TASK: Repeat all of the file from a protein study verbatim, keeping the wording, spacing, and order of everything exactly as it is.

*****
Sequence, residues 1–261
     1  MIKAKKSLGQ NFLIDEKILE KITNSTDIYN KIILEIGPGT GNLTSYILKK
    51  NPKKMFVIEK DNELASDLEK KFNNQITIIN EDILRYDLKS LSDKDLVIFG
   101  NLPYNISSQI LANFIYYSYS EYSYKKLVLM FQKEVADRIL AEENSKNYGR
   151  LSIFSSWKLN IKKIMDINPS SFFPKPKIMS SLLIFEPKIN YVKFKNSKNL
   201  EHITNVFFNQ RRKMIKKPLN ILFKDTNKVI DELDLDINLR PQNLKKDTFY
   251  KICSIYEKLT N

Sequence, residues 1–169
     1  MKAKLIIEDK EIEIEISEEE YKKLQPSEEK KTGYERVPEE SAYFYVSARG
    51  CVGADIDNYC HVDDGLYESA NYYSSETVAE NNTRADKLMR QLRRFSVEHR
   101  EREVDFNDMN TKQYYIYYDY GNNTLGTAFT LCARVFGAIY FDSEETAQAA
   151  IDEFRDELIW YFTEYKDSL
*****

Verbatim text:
Sequence, residues 1–261
     1  MIKAKKSLGQ NFLIDEKILE KITNSTDIYN KIILEIGPGT GNLTSYILKK
    51  NPKKMFVIEK DNELASDLEK KFNNQITIIN EDILRYDLKS LSDKDLVIFG
   101  NLPYNISSQI LANFIYYSYS EYSYKKLVLM FQKEVADRIL AEENSKNYGR
   151  LSIFSSWKLN IKKIMDINPS SFFPKPKIMS SLLIFEPKIN YVKFKNSKNL
   201  EHITNVFFNQ RRKMIKKPLN ILFKDTNKVI DELDLDINLR PQNLKKDTFY
   251  KICSIYEKLT N

Sequence, residues 1–169
     1  MKAKLIIEDK EIEIEISEEE YKKLQPSEEK KTGYERVPEE SAYFYVSARG
    51  CVGADIDNYC HVDDGLYESA NYYSSETVAE NNTRADKLMR QLRRFSVEHR
   101  EREVDFNDMN TKQYYIYYDY GNNTLGTAFT LCARVFGAIY FDSEETAQAA
   151  IDEFRDELIW YFTEYKDSL